In mailers to thousands to Gilroy homes, in speeches, in endorsements by politicians and wealthy businessmen and on signs all around town, voters have been told that passage of the $170 million Measure E bond proposal on Tuesday’s ballot will ensure Gilroy kids get a good education by building modern schools with state-of-the-art technology.But a Dispatch review of school rankings and research data suggest the jury is still out on whether new facilities make a significant difference in some measures of academic standards.In Gilroy, school rankings appear inconsistent on the question and suggest that factors such as poverty play a bigger role than facilities when it comes to classroom achievement.Christopher High School, the district’s $158 million showcase, was built with 2008 bond money and non-voter approved $33 million in Certificates of Participation, repaid from the general fund. Its state academic ratings are high, 8 out of 10 compared to all California high schools and 7 among schools with similar demographics.But Gilroy High School, an old facility with some recent modernization, ranks at 4 among all high schools and 5 among similar schools in the state.Glen View Elementary School was completely remodeled last year with about $7 million from 2008’s $150 million Measure P, money still being repaid by taxpayers.Glen View in the past has lagged in test scores and in recent tests that pattern continues. The school ranked 4 on a scale of 1 to 10 compared to schools statewide.Compared to schools with similar demographics it ranked 3. And in terms of how it serves low-income students, who make up most of its student body, it also ranked at 3.Gilroy Prep School, the only charter school in the Gilroy Unified School District, ranked at 10 among California schools, 9 in how it helps low-income kids and 6 compared to similar schools.At GPS, technology of the kind Measure E would pay for helps students. Personal computers allow students to interact immediately with teachers, and allow teachers to monitor in real time whether students understand what’s being taught.When it opened in 2011, GPS was put in a collection of old portables at South Valley Junior High School. And while the school has since had some upgrades paid for by bond money, its scores from the beginning have been among the state’s highest.GUSD officials, including assistant superintendent Alvaro Mesa, have said comparisons with a charter school aren’t fair and that differences between schools such as Glen View and Gilroy Prep have more to do with the percentage of low-income students than facility conditions.GPS has always focused on low-income, underserved families, with school officials sometimes knocking on doors in low-income neighborhoods to recruit students.About 55 percent of GPS students are on a free and reduced cost lunch program, an indication of those families’ low-income.The figure at Glen View is a lot higher, Meza said.Asked to comment on whether spending millions on school facilities and really matters in classroom achievement, schools superintendent Debbie Flores issued this statement:“The district has not stated that Measure E is needed to improve education, but rather to help maintain the high-quality of education currently provided to all local students. If Measure E does not pass, additional monies from the general fund would need to go to shoring up our older facilities and ensuring they continue to meet safety standards for students. This would take needed funds away from educational programs. Also, the district believes that equitable facilities should be provided to all students.”In the newest Yes on E mailer, Gilroy businessman and Chamber of Commerce 2016 Man of the Year for 2016 Joel Goldsmith put it this way: “Nothing in our community is more important than educating our young people, and that is best done in modern facilities.”Mayor Perry Woodward wrote in the mailing that passage “will help sustain the high quality of education provided to our children and allow us to modernize and build facilities to better support instruction needs.”When it comes to Gilroy’s oldest—South Valley and Brownell—and its newest—Solorsano—middle schools there is almost no difference in their state rankings.Here’s now the rankings show up on greatschools.org, which tracks state school standings nationwide.Brownell and Solorsano ranked 7 and South Valley 6 when compared to all California middle schools.Compared to middle schools with similar demographics, Brownell outranked Solorsano, 7 to 6, and South Valley was at 5.Compared to how well the schools meet the needs of low-income students, Solorsano ranked 6 while the others had 5.At the California Policy Center, a think-tank that digs into school bonding, researcher and author Kevin Dayton said Tuesday, “I am not aware of any peer-reviewed study, or any study for that matter, that has proven that a bond measure and facilities improvement results in better test scores. To think that a new building is going to make children be better mathematicians or thinkers is absurd.”However, in a 2010 study the 21st Century School Foundation (at http://bit.ly/24jfAVL) in Washington D.C. found that “Recent research continues to point to a small but steadily positive relationship between the quality of a public school facility and a range of academic and community outcomes.”Among its cited research one study found that, “In schools with poor facilities, students attended less days on average and therefore had lower grades in English Language Arts and Math standardized tests. Attendance was found to be a full mediator for grades in ELA and a partial mediator for grades in math.”Another cited study found a “4-9 percent difference between students in schools in worst/best condition; 5-9 percent difference between students in oldest/newest schools; 4 percent difference in graduation rates between students in schools in worst/best condition and between students in oldest/newest schools.”Dayton is critical of the political processes behind school bond sales.“At every stage of the process, interests that will benefit from bond sales can take advantage of a system that favors passage of a bond measure,” he wrote in 2015. “Some issues of concern include use of public funds to develop campaigns to pass bond measures, significant political contributions to campaigns from interests likely to benefit from construction, involvement of college foundations as intermediaries for campaign contributions, and conflicts of interest and alleged pay-to-play contracts.”He went on, “Few Californians realize how much debt they’ve imposed on future generations with their votes for bond measures meant to fund the construction of new and modernized school facilities.“From 2001 to 2014, California voters considered 1147 ballot measures proposed by K-12 school districts and community college districts to borrow money for construction via bond sales. Voters approved 911 of these bond measures, giving 642 school and college districts authority to borrow a total of $110.4 billion.”Dayton’s study can be found here: http://bit.ly/1TY7qAC.In its latest round of campaign finance disclosures, the Yes on E group, Friends of GUSD Supporting Measure E, listed more contributions from companies outside Gilroy that do business with the school district.They include Val’s Plumbing & Heating of Salinas, $2,500; Total Securities Concepts Division of TSCS, Inc., of Prunedale, $2,500; and Palace Business Solutions of Santa Cruz, $500.Those are in addition to more than $30,000 in contributions already received from a half-dozen of the school district’s biggest contractors, some of whom have worked on previous bond projects, including the Seward L. Schreder Construction of Redding. That firm did more than $14 million in bond-related projects with GUSD from 2011 through 2015 and is Measure E’s biggest financial supporter at $10,000.In its campaign filing report, the pro-E committee listed spending of $2,107 for 400 yard signs and $5,753 to print and mail flyers to 10,000 Gilroy homes.It also lists a $2,279 reimbursed to Jaime Rosso for money he spent out of his own pocket for campaign literature, banners and sign lumber before the committee had its own account, he said. Rosso is the spokesperson for the committee and a longtime GUSD school board member.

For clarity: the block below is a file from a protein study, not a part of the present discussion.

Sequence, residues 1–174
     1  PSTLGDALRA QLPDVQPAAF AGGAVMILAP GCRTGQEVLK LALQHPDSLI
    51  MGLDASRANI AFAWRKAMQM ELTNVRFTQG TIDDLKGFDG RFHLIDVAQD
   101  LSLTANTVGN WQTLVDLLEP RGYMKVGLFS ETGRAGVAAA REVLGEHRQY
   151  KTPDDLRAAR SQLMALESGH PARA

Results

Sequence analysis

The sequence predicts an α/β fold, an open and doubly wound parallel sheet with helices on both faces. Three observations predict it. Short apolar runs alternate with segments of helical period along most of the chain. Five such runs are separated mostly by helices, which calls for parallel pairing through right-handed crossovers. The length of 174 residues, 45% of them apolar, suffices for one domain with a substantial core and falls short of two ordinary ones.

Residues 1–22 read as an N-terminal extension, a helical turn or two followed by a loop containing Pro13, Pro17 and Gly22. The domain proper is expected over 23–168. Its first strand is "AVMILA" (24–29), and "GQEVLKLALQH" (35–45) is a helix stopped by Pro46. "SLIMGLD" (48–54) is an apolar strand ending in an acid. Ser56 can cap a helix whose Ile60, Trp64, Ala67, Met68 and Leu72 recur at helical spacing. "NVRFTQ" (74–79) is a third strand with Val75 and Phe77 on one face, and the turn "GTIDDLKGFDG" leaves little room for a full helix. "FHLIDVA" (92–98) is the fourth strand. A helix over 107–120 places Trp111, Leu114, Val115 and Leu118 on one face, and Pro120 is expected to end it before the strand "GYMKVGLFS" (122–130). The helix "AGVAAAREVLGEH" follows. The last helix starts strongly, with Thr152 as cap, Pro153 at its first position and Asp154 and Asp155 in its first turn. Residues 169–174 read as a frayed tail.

If you want to make America great again, there’s something you can do right away: Vote yes on Measure E and support Gilroy’s schools.With one swoop of your pen and a serious commitment of $60 for every $100,000 of property you own, you can build a new elementary school and fix up degrading middle schools. You can keep all of the district’s schools top notch, which is what we think makes America and our community great.For some reasons that make no sense to us, schools, teachers and taxes have become anathema in this country over the past 40 years. Everyone wants the best services but no one wants to pay for them.If you go back to a time a lot of people think America was great (and we think it’s still great, by the way), you might try the 1950s and 1960s when tax rates, particularly on the rich, were double and triple what they are now. Under Dwight D. Eisenhower, the rich paid 91 percent of their income. Under Richard M. Nixon, it was down to 77 percent. But then it kept dropping as rich people gained more power and convinced a large number of Americans that taxes were bad, particularly taxes on the rich. Back then, people didn’t mind the taxes as much because they knew they were making America great. They were proud of their country and still incredibly rich, despite the taxes.The earlier tax rates afforded us immeasurable greatness. We built a transcontinental highway system. We built the biggest buildings in the world. We went to the moon. We built great schools and free public university systems.But now schools have to raise money by holding their hats out like beggars. What’s happened to this country, where no one asks us to vote to spend trillions on wars both parties later realize were mistakes, but we act like the schools are criminals for wanting to give teachers a living wage and give kids modern buildings and educational systems?How do so many people--some of them wealthier people who send their children to private schools-- figure taxes to help schools are a bad thing? There are exceptions, like Don Christopher, a businessman who puts his funds where his heart is. We aren’t saying the schools and their administrators are perfect. We’ve spent plenty of time dissecting their faults, poring over every document. We aren’t happy about some of the lack of transparency we’ve seen. We don’t like that they don’t live-stream school board meetings. We don’t like how they rushed this election without time to make a stronger case and can’t or won’t even name who solicited the highest donations. The list of projects the money will be spent on is not detailed enough. We question some of the ties between contractors and the board. We don’t like the fact that Christopher High School came in so over budget that its promised theater was never built, the track and field needed private funding to be completed and seven years after the building was finished, it needs repairs.But after putting them through the investigative wringer, we see no reason not to put up another $170 million to keep our schools on the cutting edge. (For comparison’s sake, the Iraq War cost $720 million a day.) The bottom line is that we have to support our schools, whatever it takes. To do anything less is criminal. It’s the opposite of making America great.In Finland and China teachers are as valued as doctors and CEOs. Those countries haven’t forgotten the value of great education. Rather than criticizing teachers unions we’d like to see the schools pay the way private companies do. That would guarantee the best and the brightest get the jobs and hold them.If you want to look at just the bottom line: this isn’t so much a tax as it is an investment. Nothing will make property value go up more than a great school system. Gilroy homes are already a bargain in Silicon Valley. Add more school buildings like Christopher High and more programs like Gilroy High’s biomedical training, and watch the values increase far more than the taxes.